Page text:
Doubleday, 340 pages (hardback, 2005)
I have had a certain love for economics (even majored in it for a while in college, until the realization top-level math would be involved) for a long time. This desire was pricked initially by hearing Thomas Sowell fill-in for Rush Limbaugh back in the mid-90’s. I spent some birthday money at a Waldenbooks in the Clarksburg, WV mall on “Basic Economics” and was hooked. Part of my interest in this subject comes from a larger preoccupation I have with sociology, or the study of why people do things and what makes them tick. But any discussion about the global economy is half-hearted without an examination of the other economy, the one which technically exists in the shadows, yet often in plain sight.
This book takes an economic look at a devilish practice which plagues governments and cultures while enriching tens of thousands. Smuggling things from diapers to human kidneys is a Trillion dollar business worldwide. Yes that is Trillion with a “T”. In this work author Moises Naim goes chapter-by-chapter, first looking at the motivation, then examining individual markets for stolen, illegal, and counterfeit goods. There is nothing which man can consider which cannot be had for the right price, as long as the will to have it is there. One negative about this book is that Naim gets a bit repetitive word salad in many of the chapters, but the information gleaned is gold and may in some ways benefit from this repetition. Again, the amounts of goods, humans, and money being made is staggering to say the least and will often lead the reader to be gobsmacked in response.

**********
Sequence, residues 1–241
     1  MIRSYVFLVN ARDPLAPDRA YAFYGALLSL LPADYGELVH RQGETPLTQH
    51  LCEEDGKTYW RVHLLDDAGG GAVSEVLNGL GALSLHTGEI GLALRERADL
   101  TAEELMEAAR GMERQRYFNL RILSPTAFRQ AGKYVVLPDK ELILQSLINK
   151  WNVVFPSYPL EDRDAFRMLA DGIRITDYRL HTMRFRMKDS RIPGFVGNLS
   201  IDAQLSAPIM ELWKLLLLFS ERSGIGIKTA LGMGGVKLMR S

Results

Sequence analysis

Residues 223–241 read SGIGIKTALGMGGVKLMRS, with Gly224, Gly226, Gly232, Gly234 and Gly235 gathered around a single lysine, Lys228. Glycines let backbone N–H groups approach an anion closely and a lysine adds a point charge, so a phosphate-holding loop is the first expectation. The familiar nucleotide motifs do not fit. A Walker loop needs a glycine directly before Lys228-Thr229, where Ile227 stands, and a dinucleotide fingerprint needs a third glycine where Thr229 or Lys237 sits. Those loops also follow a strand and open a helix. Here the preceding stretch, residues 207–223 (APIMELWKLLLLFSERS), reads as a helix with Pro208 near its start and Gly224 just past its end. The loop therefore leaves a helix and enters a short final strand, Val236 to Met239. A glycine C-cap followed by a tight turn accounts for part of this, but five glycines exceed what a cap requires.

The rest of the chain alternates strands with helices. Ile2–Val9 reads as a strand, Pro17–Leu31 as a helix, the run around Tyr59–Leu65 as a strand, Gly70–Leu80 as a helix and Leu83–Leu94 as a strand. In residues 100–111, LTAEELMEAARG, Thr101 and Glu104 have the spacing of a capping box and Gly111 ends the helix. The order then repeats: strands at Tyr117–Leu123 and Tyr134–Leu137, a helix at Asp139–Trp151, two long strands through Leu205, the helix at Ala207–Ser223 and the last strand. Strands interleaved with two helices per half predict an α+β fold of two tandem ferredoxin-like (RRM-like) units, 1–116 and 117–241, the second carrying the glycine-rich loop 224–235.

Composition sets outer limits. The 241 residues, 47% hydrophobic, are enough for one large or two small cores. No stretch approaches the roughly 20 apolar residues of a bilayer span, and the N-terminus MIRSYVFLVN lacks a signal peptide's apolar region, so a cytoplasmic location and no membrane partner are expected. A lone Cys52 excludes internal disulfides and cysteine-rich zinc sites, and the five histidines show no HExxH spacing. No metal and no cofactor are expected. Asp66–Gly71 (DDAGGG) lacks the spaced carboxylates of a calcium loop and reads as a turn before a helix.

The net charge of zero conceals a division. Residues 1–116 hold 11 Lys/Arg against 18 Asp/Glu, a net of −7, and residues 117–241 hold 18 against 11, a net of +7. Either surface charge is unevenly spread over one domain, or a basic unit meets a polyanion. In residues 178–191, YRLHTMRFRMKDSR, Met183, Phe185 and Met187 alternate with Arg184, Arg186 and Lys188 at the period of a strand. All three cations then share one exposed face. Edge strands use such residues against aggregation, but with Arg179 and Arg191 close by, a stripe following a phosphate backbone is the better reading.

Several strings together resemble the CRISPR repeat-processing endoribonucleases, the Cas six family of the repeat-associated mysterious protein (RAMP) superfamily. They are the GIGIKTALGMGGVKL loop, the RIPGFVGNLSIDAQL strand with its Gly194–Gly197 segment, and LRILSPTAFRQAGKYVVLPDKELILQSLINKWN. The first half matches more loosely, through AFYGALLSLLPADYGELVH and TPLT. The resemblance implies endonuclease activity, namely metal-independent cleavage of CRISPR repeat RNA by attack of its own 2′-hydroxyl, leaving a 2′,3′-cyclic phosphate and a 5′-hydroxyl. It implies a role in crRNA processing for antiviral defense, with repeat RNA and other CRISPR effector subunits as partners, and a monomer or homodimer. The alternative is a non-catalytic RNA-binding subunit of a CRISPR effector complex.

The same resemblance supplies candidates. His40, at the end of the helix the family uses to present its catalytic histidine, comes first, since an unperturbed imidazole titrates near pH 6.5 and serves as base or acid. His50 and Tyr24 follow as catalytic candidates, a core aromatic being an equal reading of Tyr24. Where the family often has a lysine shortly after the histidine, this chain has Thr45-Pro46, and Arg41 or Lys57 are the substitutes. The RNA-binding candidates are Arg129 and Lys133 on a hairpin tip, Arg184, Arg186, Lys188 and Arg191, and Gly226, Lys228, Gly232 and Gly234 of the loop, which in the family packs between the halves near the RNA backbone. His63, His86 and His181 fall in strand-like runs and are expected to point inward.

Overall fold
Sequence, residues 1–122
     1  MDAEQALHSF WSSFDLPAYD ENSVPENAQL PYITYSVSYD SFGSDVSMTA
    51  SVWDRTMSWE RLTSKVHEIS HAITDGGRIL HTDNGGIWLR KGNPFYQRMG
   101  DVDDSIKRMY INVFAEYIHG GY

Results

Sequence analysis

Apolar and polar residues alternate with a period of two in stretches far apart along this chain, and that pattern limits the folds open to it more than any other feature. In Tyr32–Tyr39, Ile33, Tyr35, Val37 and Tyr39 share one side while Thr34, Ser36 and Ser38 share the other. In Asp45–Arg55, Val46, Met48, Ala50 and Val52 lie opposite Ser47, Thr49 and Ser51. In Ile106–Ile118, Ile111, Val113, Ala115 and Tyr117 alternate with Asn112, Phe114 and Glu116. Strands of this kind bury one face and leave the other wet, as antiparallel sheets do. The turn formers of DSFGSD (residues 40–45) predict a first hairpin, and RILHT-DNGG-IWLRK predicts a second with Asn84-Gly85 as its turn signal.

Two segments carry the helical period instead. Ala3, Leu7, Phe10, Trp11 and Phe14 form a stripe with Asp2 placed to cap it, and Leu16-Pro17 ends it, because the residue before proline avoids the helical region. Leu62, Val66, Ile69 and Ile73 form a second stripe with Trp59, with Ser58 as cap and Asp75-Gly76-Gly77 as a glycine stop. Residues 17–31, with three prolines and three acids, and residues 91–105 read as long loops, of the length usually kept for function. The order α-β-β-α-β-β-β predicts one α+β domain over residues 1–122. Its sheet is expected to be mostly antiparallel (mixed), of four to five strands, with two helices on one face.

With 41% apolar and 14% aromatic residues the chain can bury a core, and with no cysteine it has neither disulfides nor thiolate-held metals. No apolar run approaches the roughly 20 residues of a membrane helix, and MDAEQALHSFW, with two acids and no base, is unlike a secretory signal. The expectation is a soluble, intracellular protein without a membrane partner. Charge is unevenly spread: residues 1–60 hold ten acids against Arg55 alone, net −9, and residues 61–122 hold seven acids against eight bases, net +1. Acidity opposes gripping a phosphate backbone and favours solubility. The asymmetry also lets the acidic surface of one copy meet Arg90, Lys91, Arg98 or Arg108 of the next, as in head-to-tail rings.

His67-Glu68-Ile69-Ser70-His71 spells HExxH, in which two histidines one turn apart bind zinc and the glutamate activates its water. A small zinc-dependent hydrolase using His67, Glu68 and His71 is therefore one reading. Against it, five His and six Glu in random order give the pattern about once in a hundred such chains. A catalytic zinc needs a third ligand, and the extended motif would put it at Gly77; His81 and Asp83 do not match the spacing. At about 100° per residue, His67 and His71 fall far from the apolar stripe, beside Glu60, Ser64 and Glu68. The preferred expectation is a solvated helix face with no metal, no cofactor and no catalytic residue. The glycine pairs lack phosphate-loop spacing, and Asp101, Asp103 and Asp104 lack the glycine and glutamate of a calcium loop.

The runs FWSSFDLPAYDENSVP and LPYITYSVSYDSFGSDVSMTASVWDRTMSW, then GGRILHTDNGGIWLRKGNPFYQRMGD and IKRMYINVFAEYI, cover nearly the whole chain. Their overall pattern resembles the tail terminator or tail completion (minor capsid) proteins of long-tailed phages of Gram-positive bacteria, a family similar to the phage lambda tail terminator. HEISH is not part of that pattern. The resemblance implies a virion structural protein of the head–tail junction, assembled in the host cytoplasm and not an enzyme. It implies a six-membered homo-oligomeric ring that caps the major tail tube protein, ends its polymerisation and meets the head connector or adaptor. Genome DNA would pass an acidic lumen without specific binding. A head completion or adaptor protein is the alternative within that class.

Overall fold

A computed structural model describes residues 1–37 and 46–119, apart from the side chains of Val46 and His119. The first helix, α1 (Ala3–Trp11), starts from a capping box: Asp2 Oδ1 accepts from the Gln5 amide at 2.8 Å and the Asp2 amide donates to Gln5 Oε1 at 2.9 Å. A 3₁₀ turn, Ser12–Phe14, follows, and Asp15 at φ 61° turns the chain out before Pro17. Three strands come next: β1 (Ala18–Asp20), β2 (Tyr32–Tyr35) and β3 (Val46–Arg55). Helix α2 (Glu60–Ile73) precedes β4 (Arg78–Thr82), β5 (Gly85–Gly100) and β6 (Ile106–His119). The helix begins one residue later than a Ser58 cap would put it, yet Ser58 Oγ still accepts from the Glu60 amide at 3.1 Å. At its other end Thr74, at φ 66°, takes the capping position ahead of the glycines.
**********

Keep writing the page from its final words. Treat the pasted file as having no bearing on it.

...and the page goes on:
While most of the work deals with the trafficking of goods there is a chapter on human beings being shuffled around the global economy for sex, free labor, and illegal adoptions. I don’t recommend reading this part if you have a heart condition, or really a heart at all. It will infuriate you and cause anger to rise up from within your bowels. The capacity of men to be inhumane will not only certify your belief in original sin, but also in our naturally evil minds.
The book ends with a chapter asking how these kinds of markets can be dealt with and this is a second criticism of the work. In every chapter there is a running commentary on the failure of first, second, and third world countries, partly through corruption, but mostly by incompetence, to deal with the problem, yet this concluding section speaks to the need of MORE GOVERNMENT being the solution to the troubles. The reality is you are never going to stop people from doing the things spoken of in this book. More laws just cause creativity to flourish (see the chapter on financial sleight of hand for some fascinating ways to launder cash) and the effort is wasted.
One of the more fascinating anecdotes is of an al-qaeda operative who quit jihad because of the vast wealth he accumulated through smuggling.
I highly recommend this book for those wanting background on the black market and the insane work that has to be done to accomplish even the most minor transaction (go read “I, Pencil, only substitute “cocaine” for the pencil). You can basically skip the last chapter for the reasons I noted above, but other than that prepare to be astounded and, to be honest, somewhat impressed with the abilities of your average illegal smuggler. These are not morons to be sure. The amount of effort to get fake rolexes onto the street in New York City is nothing less than amazing.